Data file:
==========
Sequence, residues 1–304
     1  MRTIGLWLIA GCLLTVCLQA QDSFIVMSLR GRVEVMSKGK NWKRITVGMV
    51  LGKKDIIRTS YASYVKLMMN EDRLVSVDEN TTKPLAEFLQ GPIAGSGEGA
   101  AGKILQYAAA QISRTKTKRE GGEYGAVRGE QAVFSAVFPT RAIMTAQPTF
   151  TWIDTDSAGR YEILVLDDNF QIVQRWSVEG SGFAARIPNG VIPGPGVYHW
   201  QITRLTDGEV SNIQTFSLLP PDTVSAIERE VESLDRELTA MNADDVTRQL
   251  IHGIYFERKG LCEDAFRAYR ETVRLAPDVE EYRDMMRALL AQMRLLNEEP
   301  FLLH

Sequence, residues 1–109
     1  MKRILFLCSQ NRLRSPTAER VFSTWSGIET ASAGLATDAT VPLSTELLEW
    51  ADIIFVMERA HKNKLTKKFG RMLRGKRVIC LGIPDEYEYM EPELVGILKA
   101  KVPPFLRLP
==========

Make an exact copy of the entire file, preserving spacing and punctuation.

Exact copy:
Sequence, residues 1–304
     1  MRTIGLWLIA GCLLTVCLQA QDSFIVMSLR GRVEVMSKGK NWKRITVGMV
    51  LGKKDIIRTS YASYVKLMMN EDRLVSVDEN TTKPLAEFLQ GPIAGSGEGA
   101  AGKILQYAAA QISRTKTKRE GGEYGAVRGE QAVFSAVFPT RAIMTAQPTF
   151  TWIDTDSAGR YEILVLDDNF QIVQRWSVEG SGFAARIPNG VIPGPGVYHW
   201  QITRLTDGEV SNIQTFSLLP PDTVSAIERE VESLDRELTA MNADDVTRQL
   251  IHGIYFERKG LCEDAFRAYR ETVRLAPDVE EYRDMMRALL AQMRLLNEEP
   301  FLLH

Sequence, residues 1–109
     1  MKRILFLCSQ NRLRSPTAER VFSTWSGIET ASAGLATDAT VPLSTELLEW
    51  ADIIFVMERA HKNKLTKKFG RMLRGKRVIC LGIPDEYEYM EPELVGILKA
   101  KVPPFLRLP